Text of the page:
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How does word count work? Help please
Thread poster: bello82

bello82
Local time: 02:35
English to Italian
+ ...
Dec 2, 2013

Dear professionals,

I am still a student and still new with regard to the translation profession. II thought I could ask some professionals here. I have been given assignments by a company: I will have to translate their FAQ pages into Italian and I see it as a great opportunity to gain experience. The assignments are obviously paid.

They have sent me some Excel files and they counted 12, 555 words. Column A has the English text between tags for HTML purposes and they also took repetitions into account. There are some portions of text that have 4 words in English in column A but when I translate into Italian it becomes 7 words in Column B; 76 words in English become 95 in Italian.

I am not sure how I will get paid. Will they pay me by the word count they decided? Or do I have to send an estimate by the new word count that comes up when I translate?
Could you please clarify that for me?


 

Jenn Mercer  Identity Verified
United States
Local time: 21:35
Member (2009)
French to English
Clarify before starting Dec 2, 2013

No matter what they pay you, you need to establish this in writing BEFORE you start translation. It should come out to a good hourly wage for a professional in your area whether it is expressed in source or target words, characters, lines, cells, or a per project basis.

 

bello82
Local time: 02:35
English to Italian
+ ...
TOPIC STARTER
Thank you Jenn for your reply Dec 2, 2013

I am just trying to understand how it usually works. it doesn't really matter how and how much they pay for me. I have a nice job and am still studying, so I don't need the money. I am doing it out of passion for languages. I would like to learn how word counts really works.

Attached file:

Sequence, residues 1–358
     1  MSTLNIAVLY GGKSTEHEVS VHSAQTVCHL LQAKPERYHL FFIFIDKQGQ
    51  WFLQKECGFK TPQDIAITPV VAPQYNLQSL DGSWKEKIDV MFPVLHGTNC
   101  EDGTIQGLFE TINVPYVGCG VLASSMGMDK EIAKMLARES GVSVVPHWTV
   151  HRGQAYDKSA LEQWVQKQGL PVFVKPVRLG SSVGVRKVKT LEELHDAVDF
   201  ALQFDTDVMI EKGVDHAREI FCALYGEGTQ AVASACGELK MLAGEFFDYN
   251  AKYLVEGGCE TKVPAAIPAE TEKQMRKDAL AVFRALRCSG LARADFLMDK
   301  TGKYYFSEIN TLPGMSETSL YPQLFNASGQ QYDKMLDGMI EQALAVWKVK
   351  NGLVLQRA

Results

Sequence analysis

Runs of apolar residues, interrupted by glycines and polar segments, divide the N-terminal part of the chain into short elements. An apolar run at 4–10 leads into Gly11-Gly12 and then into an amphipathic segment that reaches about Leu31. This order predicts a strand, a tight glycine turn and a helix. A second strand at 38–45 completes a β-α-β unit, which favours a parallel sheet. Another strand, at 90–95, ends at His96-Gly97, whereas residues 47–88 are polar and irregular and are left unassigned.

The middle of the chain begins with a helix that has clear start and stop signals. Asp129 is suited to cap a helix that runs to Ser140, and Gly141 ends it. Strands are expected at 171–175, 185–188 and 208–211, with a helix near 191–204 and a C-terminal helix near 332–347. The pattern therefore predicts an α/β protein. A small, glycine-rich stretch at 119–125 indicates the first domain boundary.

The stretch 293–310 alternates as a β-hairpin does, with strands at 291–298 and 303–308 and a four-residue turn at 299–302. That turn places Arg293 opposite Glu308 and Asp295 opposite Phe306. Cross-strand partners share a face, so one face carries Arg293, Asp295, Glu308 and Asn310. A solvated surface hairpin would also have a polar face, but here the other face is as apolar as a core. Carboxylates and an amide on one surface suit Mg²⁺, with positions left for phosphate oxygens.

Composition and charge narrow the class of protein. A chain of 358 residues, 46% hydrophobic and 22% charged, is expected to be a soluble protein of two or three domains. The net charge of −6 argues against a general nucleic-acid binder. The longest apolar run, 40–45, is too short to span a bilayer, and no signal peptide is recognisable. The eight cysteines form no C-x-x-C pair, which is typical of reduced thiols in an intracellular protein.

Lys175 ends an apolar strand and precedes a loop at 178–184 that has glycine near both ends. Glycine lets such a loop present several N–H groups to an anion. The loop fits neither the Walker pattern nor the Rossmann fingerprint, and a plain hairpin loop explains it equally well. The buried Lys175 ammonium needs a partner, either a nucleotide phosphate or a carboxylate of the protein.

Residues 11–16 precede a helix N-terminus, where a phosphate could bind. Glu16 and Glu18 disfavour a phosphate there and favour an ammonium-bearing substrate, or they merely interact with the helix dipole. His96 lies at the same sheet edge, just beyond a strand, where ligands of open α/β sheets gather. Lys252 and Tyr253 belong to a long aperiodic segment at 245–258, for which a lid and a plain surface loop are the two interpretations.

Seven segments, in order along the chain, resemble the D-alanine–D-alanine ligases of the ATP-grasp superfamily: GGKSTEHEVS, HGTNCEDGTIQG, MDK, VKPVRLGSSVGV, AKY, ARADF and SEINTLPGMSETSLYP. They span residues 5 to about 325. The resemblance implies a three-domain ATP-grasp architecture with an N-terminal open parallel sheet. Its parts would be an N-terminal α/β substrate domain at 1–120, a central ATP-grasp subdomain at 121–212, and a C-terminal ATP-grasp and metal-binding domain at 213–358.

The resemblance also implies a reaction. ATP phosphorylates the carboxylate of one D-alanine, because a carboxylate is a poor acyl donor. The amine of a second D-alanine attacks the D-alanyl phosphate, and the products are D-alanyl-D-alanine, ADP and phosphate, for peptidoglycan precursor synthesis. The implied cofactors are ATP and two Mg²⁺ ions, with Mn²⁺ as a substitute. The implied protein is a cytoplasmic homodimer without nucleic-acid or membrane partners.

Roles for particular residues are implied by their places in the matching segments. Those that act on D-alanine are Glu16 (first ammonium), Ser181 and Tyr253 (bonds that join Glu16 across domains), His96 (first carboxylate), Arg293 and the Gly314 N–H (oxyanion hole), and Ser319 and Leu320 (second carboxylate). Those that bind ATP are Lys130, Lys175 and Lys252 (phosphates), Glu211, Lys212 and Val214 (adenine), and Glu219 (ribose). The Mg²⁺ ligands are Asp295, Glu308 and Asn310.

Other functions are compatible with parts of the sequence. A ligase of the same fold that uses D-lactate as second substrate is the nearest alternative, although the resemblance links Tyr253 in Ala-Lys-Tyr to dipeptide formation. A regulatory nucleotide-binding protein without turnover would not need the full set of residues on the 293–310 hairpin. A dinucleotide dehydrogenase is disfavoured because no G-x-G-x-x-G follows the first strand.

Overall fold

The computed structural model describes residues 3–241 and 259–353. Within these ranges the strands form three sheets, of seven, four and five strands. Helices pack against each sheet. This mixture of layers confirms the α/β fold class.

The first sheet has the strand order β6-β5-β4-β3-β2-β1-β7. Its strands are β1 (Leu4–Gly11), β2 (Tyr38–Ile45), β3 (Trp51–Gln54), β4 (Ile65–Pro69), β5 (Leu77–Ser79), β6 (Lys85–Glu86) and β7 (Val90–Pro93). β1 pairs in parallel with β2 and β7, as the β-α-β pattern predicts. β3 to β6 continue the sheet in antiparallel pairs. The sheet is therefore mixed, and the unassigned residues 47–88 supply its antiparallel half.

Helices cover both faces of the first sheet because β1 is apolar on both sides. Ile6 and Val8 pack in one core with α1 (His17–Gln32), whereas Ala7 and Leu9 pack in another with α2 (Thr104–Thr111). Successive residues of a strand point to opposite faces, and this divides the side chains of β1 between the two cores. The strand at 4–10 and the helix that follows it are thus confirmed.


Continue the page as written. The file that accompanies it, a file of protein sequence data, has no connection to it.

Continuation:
PAS  Identity Verified
Local time: 03:35
English to Polish
+ ...
Clarify Dec 2, 2013

To emphasise part of Jenn's response:

There are two common ways of getting paid for a written translation:
by volume of the SOURCE text (that way you know before you finish what you expect to get)

or

by volume of the TARGET text (which is known only when you have completed your translation).

You need to agree one of the two with the client.
Bear in mind that there will always be differences in the word count between two languages - some languages are more "wordy" than others.
For example, Polish text is always a bit longer than corresponding English text.
I think that getting paid for target text is more common - you actually get paid for the keystrokes you committed.

HTH,
Pawel Skalinski

[Edited at 2013-12-02 16:50 GMT]


 

Tom in London
United Kingdom
Local time: 02:35
Member (2008)
Italian to English
So.... Dec 2, 2013

bello82 wrote:

I am just trying to understand how it usually works. it doesn't really matter how and how much they pay for me. I have a nice job and am still studying, so I don't need the money. I am doing it out of passion for languages. I would like to learn how word counts really works.


So why not just do it for nothing? Why even worry about how much you should charge?



[Edited at 2013-12-02 17:00 GMT]


 

Jan Willem van Dormolen  Identity Verified
Netherlands
Local time: 03:35
English to Dutch
+ ...
Oh please, Tom... Dec 2, 2013

Let's be grateful that a student/amateur is taking this seriously. Too many jobs have been taken off the professional market (often with desastrous results) bij low flying bottom feeders.

So, to answer the OPs question: